www.space.com...



Martian "soil" is comprised of inorganic compounds such as silica and salts and elemental igneous minerals, which we certainly have here on Earth in abundance. But inorganic sand does not living soil make.


That's what NASA on the one hand claim with much of the evidence apparently pointing the other way. You are however wrong about 'soil' being a requirement for life but it's the type of common mistake people make when they are in too much of a hurry to dismiss a given notion.

en.wikipedia.org... and FAR more interestingly

en.wikipedia.org...

Always put your money on life; if you want to win the bet that is....


Planting anything in Martian soil alone can be likened to planting in a matrix of crushed glass with a little rock salt, iron filings and pulverized basalt thrown in.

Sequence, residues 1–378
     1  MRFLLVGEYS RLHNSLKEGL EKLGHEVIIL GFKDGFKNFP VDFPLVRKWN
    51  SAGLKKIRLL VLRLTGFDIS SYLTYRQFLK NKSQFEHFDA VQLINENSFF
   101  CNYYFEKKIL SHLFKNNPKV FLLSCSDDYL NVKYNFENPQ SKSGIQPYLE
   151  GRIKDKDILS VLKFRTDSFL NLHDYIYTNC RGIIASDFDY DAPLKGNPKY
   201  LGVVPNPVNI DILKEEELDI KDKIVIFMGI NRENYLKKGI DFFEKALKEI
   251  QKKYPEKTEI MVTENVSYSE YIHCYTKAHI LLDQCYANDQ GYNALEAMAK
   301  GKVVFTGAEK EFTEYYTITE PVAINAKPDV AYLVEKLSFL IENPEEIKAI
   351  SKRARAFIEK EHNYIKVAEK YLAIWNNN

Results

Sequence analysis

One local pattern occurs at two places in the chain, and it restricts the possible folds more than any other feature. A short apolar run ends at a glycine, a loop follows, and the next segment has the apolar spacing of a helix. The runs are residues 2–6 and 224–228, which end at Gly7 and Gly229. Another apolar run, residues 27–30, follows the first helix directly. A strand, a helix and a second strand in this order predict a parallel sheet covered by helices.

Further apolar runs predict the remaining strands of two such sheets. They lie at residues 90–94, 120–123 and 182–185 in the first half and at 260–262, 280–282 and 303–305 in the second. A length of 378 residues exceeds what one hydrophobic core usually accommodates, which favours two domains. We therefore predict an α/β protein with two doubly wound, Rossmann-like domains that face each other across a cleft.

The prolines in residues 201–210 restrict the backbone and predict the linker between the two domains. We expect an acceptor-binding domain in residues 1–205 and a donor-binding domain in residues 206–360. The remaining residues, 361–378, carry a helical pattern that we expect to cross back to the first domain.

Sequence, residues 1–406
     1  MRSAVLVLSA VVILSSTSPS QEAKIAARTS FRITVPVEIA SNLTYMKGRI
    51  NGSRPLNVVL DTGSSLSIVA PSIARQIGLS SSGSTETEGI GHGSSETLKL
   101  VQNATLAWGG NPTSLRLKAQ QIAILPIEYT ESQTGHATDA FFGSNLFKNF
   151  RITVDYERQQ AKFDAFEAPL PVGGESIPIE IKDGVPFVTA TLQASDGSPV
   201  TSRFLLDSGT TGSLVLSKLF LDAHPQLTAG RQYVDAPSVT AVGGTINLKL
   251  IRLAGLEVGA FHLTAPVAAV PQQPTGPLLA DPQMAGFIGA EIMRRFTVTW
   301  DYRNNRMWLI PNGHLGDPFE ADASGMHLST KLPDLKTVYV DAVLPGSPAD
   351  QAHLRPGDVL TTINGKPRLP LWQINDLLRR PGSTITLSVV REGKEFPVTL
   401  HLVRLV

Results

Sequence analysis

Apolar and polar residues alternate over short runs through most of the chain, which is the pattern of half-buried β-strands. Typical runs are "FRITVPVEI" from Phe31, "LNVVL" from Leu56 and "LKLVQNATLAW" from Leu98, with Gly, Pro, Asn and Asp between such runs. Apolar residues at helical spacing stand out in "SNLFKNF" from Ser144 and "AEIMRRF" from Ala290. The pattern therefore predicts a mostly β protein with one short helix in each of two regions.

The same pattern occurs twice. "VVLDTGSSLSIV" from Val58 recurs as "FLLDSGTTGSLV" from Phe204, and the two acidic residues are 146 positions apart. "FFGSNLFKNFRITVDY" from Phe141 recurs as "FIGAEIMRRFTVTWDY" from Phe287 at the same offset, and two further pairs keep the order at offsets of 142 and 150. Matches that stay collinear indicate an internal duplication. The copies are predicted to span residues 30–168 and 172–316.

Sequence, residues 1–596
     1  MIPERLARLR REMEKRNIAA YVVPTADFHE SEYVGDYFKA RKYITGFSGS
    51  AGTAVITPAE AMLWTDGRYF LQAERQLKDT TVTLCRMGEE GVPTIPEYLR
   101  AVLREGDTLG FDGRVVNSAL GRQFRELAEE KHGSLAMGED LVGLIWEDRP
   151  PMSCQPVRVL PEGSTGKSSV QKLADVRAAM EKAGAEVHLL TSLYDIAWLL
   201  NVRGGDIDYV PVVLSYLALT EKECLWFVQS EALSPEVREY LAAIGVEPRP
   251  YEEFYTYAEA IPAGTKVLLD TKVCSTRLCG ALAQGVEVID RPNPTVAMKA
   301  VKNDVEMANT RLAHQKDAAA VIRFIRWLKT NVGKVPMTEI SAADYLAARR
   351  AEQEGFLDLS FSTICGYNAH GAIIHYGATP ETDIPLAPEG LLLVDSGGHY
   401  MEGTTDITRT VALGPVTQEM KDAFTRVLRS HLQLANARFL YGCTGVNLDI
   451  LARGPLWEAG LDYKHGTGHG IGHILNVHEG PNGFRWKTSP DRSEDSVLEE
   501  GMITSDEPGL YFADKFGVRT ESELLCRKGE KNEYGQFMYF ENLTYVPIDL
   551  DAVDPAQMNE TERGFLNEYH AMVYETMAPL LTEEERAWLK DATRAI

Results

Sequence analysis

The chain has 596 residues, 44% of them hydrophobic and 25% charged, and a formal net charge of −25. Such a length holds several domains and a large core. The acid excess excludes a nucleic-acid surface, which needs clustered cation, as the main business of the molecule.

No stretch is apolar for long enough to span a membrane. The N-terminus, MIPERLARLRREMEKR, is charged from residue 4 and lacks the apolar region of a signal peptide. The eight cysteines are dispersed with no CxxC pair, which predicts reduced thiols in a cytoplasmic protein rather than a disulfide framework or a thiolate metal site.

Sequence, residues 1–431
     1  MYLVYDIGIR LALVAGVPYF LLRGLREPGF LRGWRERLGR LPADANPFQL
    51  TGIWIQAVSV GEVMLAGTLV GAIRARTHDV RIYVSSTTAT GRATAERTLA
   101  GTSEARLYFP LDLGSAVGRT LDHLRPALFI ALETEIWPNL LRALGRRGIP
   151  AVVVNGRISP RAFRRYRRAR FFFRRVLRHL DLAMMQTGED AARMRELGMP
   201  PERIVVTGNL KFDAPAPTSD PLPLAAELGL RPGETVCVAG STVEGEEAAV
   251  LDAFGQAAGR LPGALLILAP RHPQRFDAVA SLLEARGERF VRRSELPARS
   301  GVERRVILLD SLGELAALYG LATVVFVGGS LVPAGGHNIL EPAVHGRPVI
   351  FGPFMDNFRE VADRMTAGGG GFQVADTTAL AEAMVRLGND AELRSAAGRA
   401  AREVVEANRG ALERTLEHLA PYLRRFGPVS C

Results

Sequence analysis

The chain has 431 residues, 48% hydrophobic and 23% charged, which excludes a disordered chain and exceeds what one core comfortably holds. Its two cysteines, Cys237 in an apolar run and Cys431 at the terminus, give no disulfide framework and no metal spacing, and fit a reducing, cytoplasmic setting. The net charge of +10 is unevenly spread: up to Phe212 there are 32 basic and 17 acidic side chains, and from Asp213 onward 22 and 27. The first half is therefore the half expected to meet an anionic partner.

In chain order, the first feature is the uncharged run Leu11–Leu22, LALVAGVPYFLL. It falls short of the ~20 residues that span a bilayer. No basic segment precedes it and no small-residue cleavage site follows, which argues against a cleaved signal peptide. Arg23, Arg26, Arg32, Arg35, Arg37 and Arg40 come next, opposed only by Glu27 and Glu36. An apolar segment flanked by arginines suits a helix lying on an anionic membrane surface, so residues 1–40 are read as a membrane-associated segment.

And given the right combination of such substances you could probably grow something edible or at least something that can be readily turned into something edible by means of one industrial process or another; it's just as bad to bet against human ingenuity as it is to bet against life finding a way.


Top that off with a few billion years of super-cold temperatures,


But the temperatures are not even that extreme today and given how little we really know about the past of that planet lets just stick to what we do know?


The current martian atmosphere is 99% thinner than the Earth's. The surface temperature averages -64 F (-53 C), but varies between 200 below zero during polar nights to 80 F (27 C) at midday peaks near the equator. The global picture of Mars is sometimes compared terrestrially to Antarctic dry regions, only colder.

www.spacedaily.com...


Not that i agree with the claim that the Martian atmosphere is 99% thinner but i will explain why i think that if you which to proceed in that direction.


only traces of liquid water and constant exposure to hard ultraviolet radiation, and your Martian "garden" is going to enjoy about the same agricultural success as the rest of the Martian surface. Cold, dead and sterile.